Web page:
With that said, I sure wish I had been given more guidance about not borrowing too much money to get my degree way back when I was mortgaging my future. I’d probably have still done it, but having a better idea of what would lay ahead before the exit video would have let me make a more informed choice — which would have probably affected my early career strategies more than anything else.
Of these, specialty licenses seem to have the biggest potential upside: a substantial public benefit in the rendering of more affordable legal services by limited-license practitioners. I don’t see any reason why general-license practitioners like myself ought to fear less expensive but less focused specialists who do nothing but divorces, for instance. This is especially true if those limited-license practitioners are taught in their own ethics classes that complex matters will still require general-license attorneys to address more than the single subject area where the practitioner holds expertise.
For better or worse, the force that can make any of these things happen is the American Bar Association’s Section on Legal Education and Admission to the Bar, by way of it altering its curriculum standards. Nearly all law schools covet the ABA’s accreditation, and most will conform their programs of education to conform to what the ABA guides them to do — and those what do not directly care about the ABA will at least take note of what their competitors are doing. (Note that the ABA is not a governmental entity.)
If the ABA were to say that the bottom third of a law school’s first year class must get cut, and not invited back to their second years, with the process repeating after the second year, and the bottom third of a law school’s second-year class must not be invited back to their third years, then functionally all of the ABA-accredited law schools would immediately adopt a one-third “weeder” rule. Half of all 1L’s would wash out and not get law degrees. That would suck to be among them. Would those people have been happy, prosperous lawyers? Would the rule allow them to seek 2L or 3L completion at a lower-tier school? Not clear — maybe they’d be free to pursue a limited license…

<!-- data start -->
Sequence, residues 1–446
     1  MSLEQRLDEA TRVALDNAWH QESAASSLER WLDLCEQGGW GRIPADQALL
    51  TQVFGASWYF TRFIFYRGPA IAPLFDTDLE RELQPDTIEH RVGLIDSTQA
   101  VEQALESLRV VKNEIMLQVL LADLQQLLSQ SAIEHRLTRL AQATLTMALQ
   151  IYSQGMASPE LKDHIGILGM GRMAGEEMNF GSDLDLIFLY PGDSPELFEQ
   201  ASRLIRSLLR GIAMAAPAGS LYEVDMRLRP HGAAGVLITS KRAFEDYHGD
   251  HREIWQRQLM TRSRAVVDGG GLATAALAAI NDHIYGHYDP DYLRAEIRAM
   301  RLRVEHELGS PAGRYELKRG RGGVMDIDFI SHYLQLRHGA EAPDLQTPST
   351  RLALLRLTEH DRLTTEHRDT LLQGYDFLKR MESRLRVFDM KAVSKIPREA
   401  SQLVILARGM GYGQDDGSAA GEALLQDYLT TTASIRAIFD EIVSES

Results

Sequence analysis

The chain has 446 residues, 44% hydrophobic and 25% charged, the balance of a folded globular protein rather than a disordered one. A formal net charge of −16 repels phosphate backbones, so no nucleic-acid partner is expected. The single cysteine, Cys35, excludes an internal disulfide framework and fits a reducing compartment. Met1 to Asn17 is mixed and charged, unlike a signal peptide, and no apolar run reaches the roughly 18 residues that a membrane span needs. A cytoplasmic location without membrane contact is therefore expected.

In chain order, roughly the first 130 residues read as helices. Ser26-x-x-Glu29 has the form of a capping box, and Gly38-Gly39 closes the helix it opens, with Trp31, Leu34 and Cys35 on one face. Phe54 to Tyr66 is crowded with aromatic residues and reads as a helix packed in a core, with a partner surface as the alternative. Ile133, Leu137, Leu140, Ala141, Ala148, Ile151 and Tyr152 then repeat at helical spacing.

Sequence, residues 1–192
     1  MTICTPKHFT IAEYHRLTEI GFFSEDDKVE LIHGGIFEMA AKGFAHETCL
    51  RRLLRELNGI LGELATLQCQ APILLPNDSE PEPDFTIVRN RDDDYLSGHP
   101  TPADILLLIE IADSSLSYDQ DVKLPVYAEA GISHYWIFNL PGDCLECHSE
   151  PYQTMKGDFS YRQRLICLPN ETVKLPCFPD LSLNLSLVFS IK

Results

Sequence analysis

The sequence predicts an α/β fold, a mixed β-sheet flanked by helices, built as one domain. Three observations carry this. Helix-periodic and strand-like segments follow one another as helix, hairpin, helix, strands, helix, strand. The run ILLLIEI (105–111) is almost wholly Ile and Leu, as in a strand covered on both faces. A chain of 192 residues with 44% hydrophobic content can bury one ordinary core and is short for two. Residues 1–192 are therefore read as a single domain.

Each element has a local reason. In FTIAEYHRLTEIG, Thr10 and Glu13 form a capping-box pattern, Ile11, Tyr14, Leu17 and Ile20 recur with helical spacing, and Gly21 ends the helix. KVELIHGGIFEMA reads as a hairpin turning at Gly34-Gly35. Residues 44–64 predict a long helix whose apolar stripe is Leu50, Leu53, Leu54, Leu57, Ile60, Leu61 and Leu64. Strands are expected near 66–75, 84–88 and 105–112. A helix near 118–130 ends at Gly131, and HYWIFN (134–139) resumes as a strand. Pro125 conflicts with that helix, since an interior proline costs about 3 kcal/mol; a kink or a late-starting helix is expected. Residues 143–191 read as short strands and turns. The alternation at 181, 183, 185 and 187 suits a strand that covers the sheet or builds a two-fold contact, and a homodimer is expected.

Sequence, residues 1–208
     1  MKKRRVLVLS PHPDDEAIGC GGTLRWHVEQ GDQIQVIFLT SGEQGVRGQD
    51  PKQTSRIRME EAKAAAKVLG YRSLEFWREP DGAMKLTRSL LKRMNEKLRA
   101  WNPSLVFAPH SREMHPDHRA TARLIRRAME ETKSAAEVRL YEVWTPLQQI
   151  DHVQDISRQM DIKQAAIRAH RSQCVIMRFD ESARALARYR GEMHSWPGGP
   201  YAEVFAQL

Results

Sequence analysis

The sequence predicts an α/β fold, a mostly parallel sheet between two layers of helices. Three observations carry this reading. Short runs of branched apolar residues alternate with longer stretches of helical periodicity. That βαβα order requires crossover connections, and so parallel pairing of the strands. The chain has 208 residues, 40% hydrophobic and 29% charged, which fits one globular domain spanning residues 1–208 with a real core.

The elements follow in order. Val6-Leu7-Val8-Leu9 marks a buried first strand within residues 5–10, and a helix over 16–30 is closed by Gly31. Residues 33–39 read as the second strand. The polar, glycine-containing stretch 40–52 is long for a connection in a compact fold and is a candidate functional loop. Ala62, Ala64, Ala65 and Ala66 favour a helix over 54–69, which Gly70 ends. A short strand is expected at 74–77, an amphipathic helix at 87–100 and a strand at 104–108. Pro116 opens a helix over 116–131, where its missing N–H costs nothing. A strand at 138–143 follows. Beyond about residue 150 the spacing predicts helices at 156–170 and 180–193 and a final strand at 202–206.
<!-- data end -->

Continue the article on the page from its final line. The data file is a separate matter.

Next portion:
I also note that LSAC has a pretty handy predictor device which does the math of your LSAT and undergraduate GPA and compares your results to the admissions of every ABA-accredited law school out there, to help students make realistic decisions about where they can get admitted and, indirectly, what sorts of careers they might anticipate as a result of the degree of prestige associated with the legal education they would receive there. I approve, if only because I think people ought to make informed decisions and take calculated risks as opposed to other kinds of decisions and risks, at least with respect to something so important as the life decision to go to law school and especially if borrowing money to do it is part of that equation.
In any event, the legal profession is changing rapidly as a result of large market forces, and I don’t see it rebounding into what it used to be when I started out in the mid-90’s. Things are really different from when my mentors started out in the late 70’s and even more so from what it was in the 40’s and 50’s when most of the contemporary prevailing rules and norms were restructured. Legal academia needs to adapt and change along with the times too, and that means bracing for a lot of new ideas so as to better prepare students for the real world they’re going to have to survive in once they get their sheepskins.
So maybe not all of these are good ideas. But the worst idea possible would be not entertaining any new ideas at all.
¹ Notably absent from most lists of intended beneficiaries of reforms: law professors, whose lives and careers are apparently so space awesome that they can stand to miss out on the benefit of reforms.
Burt Likko is the pseudonym of an attorney in Southern California. His interests include Constitutional law with a special interest in law relating to the concept of separation of church and state, cooking, good wine, and bad science fiction movies. Follow his sporadic Tweets at @burtlikko, and his Flipboard at Burt Likko.